The last series saw 30 GCSE high flyers flunking a 1950s grammar school syllabus. The new series sees a group of children predicted to get Cs or below in their GCSEs take on a 1960s secondary modern schooling, featuring bricklaying for the boys and parenting for the girls. Again, much of the appeal of the programme is seeing how modern pupils survive without their thongs and iPods and with a traditional, no-nonsense curriculum.
But how will a traditional education cope with them? Gail Goodman, head of Breadsall Church of England primary in Derbyshire, was one of a number of teachers auditioned to take part in the series and is counting her lucky stars that she didn't make it.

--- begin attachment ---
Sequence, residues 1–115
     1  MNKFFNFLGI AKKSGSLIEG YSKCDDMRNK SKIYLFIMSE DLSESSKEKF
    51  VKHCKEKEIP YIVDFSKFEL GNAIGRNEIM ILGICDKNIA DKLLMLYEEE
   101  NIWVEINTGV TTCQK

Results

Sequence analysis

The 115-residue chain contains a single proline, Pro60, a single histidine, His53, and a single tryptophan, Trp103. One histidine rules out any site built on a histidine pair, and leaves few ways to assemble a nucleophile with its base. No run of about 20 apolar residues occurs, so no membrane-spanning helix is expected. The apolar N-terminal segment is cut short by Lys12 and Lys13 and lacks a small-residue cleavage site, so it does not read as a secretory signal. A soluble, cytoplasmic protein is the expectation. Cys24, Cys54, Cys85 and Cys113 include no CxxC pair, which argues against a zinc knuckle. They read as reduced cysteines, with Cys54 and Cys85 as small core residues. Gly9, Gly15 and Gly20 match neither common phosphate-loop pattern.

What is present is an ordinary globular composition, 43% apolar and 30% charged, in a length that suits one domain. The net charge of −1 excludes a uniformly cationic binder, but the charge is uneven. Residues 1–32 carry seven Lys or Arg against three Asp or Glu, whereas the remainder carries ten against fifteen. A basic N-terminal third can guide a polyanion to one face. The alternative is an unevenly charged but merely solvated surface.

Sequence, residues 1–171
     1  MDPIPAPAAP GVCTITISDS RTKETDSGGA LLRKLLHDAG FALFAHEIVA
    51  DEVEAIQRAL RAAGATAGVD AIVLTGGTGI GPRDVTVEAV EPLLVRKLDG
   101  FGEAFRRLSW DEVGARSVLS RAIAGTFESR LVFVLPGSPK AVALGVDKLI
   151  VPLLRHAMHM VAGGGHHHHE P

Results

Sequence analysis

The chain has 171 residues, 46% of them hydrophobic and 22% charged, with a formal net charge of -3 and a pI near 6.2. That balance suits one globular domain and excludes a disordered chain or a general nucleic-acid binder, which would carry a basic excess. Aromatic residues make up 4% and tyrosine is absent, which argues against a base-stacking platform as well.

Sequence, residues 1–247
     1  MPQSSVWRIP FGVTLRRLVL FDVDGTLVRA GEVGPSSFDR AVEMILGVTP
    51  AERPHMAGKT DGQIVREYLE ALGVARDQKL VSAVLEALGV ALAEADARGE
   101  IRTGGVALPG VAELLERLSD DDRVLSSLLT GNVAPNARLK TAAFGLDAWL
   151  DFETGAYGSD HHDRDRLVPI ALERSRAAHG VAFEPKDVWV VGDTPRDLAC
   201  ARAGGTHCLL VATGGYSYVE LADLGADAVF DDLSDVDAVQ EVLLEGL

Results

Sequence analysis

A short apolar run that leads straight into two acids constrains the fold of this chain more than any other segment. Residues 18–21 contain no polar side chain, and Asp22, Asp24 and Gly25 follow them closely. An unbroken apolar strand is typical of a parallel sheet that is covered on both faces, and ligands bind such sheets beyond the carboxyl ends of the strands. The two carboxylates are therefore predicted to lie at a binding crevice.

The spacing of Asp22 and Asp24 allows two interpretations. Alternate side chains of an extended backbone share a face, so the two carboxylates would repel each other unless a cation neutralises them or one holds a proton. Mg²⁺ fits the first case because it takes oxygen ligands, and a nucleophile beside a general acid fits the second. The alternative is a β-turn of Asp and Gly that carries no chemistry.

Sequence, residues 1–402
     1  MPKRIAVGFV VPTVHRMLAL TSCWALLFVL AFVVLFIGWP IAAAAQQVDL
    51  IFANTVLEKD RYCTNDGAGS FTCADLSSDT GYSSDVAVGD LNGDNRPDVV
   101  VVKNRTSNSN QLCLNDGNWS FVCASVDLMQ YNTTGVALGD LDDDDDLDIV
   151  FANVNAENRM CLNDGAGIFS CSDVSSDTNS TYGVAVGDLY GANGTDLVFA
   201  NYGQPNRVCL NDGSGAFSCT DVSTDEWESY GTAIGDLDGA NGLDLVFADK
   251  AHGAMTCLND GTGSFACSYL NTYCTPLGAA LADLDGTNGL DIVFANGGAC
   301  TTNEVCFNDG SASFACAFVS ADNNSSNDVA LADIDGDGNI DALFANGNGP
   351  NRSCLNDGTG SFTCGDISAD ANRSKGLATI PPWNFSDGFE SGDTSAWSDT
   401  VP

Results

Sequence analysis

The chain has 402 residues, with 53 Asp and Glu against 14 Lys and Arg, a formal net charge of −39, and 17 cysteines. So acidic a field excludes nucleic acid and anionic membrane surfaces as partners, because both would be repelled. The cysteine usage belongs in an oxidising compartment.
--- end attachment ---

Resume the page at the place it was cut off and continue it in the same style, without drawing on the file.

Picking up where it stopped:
She says the pupils are "a very different bunch" from the swots of the last series. Her audition was "presided over" by two pupils, Anna and Dee. "They came leap-frogging into the room, in a flurry of chewing gum and laughter that froze my heart! My carefully constructed English lesson comparing three different pieces of Dickens' work on childhood soon fluttered, literally, to the ground.
"The girls chatted, attempted to demolish the whole proceedings, studied their nails and hair and all my years of special education teaching slowly dripped away as the camera quietly rolled. Upon reflection, I actually enjoyed the whole experience I in a masochistic way."